What to consider when approaching a developer about a SaaS partnership opportunity?


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First question and this is on behalf of a friend of mine. I'm a student developer, so I was hoping someone around here could provide some tangible insight.

My friend is not new to starting a business, has a MBA in psychology, and works in the marketing field. She has a software idea that she has done extensive research on to include competitor analysis and customer research. She has about $5,000 on the table with $500/mo ready for marketing expenses. I'm aware that this is a very small amount of capital, even to be considered bootstrapping.

I've done a little fielding of more seasoned programmers for her, and she has a meeting setup. My question is the following: As a non-developer, what are the top 3-5 things she needs to consider when approaching a developer about a possible SaaS partnership opportunity? And additionally, where might she look to find candidates who would be interested? Thanks in advance.

Getting Started Hiring Entrepreneurs Saas Partnerships

asked Dec 3 '12 at 05:20
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Tom Geoco
111 points
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  • If your friend is looking for a partner to build some software, take a look at this question: http://www.brightjourney.com/q/dilemma-outsource-coding Though not totally related (it talks about outsourcing development), the TOP thing to consider when you're a non-technical founder is the level of trust of the developer. This question is interesting too: http://www.brightjourney.com/q/think-scammed-programmer-hired Basically, she needs to find someone she can TOTALLY AND BLINDLY trust. And who can also code well! – Frenchie 9 years ago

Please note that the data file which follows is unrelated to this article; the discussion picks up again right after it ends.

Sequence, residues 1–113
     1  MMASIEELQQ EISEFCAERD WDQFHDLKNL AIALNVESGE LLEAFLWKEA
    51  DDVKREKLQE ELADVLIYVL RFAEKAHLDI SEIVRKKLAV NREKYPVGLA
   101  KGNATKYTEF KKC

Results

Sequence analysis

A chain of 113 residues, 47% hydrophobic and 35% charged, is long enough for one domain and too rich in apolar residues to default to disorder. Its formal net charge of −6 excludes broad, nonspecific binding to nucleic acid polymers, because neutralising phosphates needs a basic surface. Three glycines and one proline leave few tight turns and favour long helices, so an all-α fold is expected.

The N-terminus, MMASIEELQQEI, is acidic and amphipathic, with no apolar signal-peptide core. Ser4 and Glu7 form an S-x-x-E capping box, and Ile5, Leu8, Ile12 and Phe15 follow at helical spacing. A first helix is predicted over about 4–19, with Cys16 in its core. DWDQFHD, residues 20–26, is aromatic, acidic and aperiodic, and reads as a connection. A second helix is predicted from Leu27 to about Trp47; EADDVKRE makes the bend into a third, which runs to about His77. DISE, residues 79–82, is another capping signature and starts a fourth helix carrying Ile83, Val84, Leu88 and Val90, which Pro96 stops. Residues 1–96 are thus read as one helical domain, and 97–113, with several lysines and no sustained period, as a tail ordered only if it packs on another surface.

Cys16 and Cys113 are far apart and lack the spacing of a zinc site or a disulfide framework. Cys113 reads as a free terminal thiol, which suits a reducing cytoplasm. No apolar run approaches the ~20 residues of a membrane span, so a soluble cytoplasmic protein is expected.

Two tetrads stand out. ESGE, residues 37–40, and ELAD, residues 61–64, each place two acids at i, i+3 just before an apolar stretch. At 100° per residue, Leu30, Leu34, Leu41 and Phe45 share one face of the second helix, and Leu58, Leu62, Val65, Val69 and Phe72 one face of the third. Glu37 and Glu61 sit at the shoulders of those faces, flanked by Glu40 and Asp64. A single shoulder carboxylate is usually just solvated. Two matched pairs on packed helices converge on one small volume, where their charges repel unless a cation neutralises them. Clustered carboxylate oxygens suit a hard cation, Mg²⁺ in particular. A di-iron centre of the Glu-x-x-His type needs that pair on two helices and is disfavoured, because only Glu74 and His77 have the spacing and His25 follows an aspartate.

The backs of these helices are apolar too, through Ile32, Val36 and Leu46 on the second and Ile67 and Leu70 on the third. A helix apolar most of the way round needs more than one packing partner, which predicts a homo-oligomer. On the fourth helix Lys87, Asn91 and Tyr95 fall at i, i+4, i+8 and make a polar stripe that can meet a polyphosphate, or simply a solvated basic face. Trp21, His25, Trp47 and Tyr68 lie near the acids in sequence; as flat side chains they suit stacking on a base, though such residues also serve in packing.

• Thanks for the feedback, I'll check the questions out. Trust is a tough one, especially if you're fielding strangers. It requires people reading, and using good judgement. I suppose that's where contracts come into play. But what are some good measures for trust? – Tom Geoco 9 years ago

1 Answer


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The TOP thing in your friend's case is to find a developer that can be trusted. If a person says "trust me", then it's not a good sign. Trust builds itself, over time. The developer needs to build trust with your friend (and vice versa), starting with small little tasks first and then with bigger and bigger tasks as time goes by. My recommendation is to start with a short-scoped task first and see how that goes. If things don't go well with small commitments, then that's usually a good indication of how things will play out long-term as well. So I recommend you tell your friend not to make long-term commitments until trust is gradually built. Relying on contracts will not protect your friend.

answered Dec 3 '12 at 06:30
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Frenchie
4,166 points

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